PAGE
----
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Could Natural Gas Enable Longer Intermodal Shipments?

The lower cost of fuel for natural gas-powered highway tractors compared to their diesel-fired brethren could make it more profitable for trucking companies to engage in longer lengths of haul for intermodal shipments.

That’s the viewpoint Jason Kuehn, an associate partner with transportation/railroad consulting firm Oliver Wyman and 20-year railroad industry veteran, expressed recently. “If NG [natural gas] powered tractors win this battle against the clock, the break-even distance for intermodal economics to win could jump from the approximately 500 to 600 miles today to 700 once the truckers achieve critical mass with the application of NG engines,” he said.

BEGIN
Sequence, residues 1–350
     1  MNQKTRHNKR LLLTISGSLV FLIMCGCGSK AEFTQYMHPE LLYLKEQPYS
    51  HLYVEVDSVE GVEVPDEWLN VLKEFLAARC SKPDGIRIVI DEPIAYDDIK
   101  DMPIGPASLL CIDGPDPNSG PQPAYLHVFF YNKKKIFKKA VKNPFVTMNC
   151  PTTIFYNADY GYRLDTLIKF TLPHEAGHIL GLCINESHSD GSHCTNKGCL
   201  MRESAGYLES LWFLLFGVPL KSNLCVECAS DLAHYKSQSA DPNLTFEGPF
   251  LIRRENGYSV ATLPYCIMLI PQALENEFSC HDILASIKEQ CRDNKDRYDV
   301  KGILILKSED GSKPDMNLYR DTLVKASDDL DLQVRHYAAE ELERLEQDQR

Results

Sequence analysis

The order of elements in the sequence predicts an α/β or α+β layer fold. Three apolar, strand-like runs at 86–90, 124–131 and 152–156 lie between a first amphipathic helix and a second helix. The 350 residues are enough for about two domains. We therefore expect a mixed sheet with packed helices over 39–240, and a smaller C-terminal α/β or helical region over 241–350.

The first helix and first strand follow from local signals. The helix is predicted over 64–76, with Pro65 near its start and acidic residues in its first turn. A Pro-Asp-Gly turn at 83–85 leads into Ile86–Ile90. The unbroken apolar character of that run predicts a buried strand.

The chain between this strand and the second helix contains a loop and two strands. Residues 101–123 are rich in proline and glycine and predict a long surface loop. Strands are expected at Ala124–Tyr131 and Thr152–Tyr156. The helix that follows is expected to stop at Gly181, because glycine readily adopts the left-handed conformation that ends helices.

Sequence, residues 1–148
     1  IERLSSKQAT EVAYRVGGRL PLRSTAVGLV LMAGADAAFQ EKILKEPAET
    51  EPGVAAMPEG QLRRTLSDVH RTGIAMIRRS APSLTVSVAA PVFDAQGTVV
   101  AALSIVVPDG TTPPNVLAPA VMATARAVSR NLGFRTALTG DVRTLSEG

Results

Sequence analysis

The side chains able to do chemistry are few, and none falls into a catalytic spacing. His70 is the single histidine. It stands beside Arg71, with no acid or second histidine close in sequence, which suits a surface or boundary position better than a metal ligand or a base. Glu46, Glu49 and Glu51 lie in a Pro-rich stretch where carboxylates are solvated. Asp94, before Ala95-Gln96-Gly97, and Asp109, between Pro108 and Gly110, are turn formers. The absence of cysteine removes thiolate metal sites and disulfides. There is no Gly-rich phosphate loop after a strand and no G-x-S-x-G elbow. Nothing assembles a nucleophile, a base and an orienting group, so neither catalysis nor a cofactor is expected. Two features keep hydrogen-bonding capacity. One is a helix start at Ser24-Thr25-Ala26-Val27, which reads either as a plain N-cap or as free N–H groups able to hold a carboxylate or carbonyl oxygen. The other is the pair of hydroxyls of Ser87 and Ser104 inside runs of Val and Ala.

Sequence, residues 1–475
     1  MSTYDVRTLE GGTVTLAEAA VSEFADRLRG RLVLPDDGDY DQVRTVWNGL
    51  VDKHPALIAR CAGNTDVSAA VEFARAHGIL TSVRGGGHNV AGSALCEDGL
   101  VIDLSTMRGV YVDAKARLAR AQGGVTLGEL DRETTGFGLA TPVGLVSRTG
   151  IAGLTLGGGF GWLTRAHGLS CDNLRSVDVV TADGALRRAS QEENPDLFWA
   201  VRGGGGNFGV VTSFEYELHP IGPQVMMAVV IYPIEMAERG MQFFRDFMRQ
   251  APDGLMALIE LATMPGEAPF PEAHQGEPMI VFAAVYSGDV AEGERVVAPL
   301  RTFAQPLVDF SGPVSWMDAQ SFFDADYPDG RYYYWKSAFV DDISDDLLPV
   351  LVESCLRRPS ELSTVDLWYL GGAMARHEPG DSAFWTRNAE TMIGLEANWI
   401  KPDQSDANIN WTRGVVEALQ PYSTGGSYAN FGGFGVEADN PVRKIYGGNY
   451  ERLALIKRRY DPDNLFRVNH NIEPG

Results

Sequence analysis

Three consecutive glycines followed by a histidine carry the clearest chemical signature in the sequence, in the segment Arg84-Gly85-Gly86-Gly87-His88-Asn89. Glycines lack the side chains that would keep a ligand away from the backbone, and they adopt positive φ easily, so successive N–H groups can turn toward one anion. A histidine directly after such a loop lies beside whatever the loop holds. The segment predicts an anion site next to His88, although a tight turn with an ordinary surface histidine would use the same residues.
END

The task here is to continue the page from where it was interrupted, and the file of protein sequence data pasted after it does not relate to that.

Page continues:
Kuehn said that puts the railroads under some competitive pressure to develop NG-fired locomotives themselves, though one of the issues to be resolved before the railroads will be able to run on natural gas involves a federal safety rule currently prohibiting the location of a NG tender car within a locomotive “consist,” which is group of locomotives connected together for multiple-unit (MU) operation.

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